Facebook fights back, disallows the Suicide Machine
Like the computer in the movie "2001," Facebook is struggling to keep its profiles from virtual extinction at the hands of its arch enemy - the Web 2.0 Suicide Machine.
The Suicide Machine is a clever Web site out of the Netherlands that was designed to free users from their social network lives on Facebook, Twitter, MySpace and LinkedIn. You just pick one of the networks, start up the machine, and it graphically shows you unfriending your contacts, one by one, and eliminating all your other contacts with your profile. Forever.
Although the now-friendless profile actually survives, the Suicide Machine is designed not to allow you ever to sign on to it again.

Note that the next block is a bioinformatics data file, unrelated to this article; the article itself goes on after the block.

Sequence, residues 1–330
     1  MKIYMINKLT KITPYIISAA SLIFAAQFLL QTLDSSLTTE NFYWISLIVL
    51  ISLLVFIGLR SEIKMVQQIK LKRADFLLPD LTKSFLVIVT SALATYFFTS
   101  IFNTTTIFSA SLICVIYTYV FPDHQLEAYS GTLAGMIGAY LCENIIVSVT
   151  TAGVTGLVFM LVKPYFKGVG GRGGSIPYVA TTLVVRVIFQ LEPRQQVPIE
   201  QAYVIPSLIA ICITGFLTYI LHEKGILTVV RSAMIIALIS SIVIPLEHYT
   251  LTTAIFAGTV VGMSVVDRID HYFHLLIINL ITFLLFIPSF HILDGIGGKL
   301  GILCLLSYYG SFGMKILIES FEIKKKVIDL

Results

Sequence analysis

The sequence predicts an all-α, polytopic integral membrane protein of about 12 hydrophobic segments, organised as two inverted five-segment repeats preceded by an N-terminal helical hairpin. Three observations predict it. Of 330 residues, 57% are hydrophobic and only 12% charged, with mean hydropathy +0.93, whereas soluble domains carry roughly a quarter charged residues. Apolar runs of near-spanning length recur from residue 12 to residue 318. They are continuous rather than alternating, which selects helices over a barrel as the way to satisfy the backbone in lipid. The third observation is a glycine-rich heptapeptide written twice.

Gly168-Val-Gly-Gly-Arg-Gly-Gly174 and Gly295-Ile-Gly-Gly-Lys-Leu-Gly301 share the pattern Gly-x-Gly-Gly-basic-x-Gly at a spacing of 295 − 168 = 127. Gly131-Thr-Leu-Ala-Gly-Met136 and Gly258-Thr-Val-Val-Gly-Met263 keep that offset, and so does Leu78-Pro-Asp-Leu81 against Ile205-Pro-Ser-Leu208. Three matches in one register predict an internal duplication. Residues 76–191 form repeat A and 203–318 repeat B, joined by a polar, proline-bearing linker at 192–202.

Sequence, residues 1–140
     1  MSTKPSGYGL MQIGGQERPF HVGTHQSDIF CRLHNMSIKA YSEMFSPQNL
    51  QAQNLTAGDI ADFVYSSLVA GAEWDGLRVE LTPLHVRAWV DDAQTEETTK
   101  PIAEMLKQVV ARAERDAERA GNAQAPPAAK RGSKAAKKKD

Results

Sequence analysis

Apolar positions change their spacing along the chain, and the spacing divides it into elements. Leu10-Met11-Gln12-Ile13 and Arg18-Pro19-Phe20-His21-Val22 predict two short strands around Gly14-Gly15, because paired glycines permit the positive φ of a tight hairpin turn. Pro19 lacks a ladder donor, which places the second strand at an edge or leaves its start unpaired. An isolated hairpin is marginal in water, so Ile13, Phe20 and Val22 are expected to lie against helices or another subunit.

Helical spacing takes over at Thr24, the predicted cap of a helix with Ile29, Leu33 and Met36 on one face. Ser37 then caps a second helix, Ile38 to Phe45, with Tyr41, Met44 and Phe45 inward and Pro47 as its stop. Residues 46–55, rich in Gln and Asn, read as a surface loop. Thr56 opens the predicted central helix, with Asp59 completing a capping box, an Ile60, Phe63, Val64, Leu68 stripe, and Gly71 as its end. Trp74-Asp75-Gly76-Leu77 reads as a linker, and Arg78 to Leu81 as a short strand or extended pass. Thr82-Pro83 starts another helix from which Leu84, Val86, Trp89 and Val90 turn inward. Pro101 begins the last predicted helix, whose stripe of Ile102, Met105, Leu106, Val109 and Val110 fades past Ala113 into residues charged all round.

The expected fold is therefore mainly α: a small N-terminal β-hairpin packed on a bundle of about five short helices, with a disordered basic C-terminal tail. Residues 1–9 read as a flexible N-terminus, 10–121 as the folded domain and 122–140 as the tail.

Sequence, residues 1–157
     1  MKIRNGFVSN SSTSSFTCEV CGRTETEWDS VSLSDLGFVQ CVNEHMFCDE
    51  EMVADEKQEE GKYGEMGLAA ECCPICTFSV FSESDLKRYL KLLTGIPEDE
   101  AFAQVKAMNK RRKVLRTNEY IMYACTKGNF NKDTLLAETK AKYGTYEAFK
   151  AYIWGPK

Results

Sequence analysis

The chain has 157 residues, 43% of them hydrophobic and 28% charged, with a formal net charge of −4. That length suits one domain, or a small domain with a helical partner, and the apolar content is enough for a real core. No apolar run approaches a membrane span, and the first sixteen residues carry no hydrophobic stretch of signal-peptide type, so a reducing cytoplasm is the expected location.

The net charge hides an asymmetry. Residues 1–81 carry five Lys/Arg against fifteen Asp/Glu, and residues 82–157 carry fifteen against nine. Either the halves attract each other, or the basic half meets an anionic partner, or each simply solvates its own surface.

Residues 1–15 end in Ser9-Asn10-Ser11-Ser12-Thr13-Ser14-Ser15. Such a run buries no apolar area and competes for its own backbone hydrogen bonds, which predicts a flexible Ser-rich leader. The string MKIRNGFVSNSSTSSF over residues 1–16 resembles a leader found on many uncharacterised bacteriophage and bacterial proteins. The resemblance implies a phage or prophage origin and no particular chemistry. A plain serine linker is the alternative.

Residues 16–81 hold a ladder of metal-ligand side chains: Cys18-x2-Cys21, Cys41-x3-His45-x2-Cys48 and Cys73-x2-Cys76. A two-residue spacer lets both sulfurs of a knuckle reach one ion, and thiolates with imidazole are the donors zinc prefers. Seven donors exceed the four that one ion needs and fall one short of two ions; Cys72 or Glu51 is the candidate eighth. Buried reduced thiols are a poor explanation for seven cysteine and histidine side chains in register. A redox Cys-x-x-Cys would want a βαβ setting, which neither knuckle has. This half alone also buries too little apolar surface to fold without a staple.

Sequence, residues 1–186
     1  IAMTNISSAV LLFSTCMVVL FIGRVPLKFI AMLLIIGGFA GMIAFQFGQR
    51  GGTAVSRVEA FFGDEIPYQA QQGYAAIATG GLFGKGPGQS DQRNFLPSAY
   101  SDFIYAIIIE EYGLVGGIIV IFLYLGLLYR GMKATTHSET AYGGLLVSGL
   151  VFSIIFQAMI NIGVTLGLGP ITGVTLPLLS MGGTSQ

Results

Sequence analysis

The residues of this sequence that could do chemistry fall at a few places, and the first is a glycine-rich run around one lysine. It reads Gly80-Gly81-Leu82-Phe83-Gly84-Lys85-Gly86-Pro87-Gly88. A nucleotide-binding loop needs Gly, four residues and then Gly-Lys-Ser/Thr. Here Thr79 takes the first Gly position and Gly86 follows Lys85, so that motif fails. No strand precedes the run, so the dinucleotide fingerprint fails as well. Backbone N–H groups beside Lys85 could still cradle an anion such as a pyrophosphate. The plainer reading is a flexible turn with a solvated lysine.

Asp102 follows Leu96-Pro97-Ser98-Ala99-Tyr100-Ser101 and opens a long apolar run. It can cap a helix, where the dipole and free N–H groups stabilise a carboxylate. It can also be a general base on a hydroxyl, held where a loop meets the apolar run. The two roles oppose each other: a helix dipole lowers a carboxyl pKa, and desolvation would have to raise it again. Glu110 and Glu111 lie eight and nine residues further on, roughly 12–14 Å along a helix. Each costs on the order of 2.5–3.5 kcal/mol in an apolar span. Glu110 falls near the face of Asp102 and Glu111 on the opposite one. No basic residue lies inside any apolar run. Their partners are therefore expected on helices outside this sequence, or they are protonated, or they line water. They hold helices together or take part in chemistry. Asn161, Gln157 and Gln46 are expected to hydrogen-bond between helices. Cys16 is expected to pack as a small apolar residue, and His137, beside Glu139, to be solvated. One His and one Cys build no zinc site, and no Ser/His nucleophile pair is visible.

You don't want to fool around with it unless you're serious. Like taking that first step off the Golden Gate Bridge, once you click to start the process on the Suicide Machine, you can't stop it.
See video, below, on how the machine works and a tongue-in-cheek look at life in the real world after freedom from social-networking sites.
Except that Facebook is now fighting back. The Suicide Machine is reporting that Facebook has banned its IP address, thus foiling suicides. You can almost hear the machine singing "Daisy."
But this is not the end, swears the Web version of Dr. Kevorkian. The Suicide Machine posted a friendly message on its site: "We are currently looking in ways to circumvent this ungrounded restriction imposed on our service! Thanks for your understanding."
-- David Colker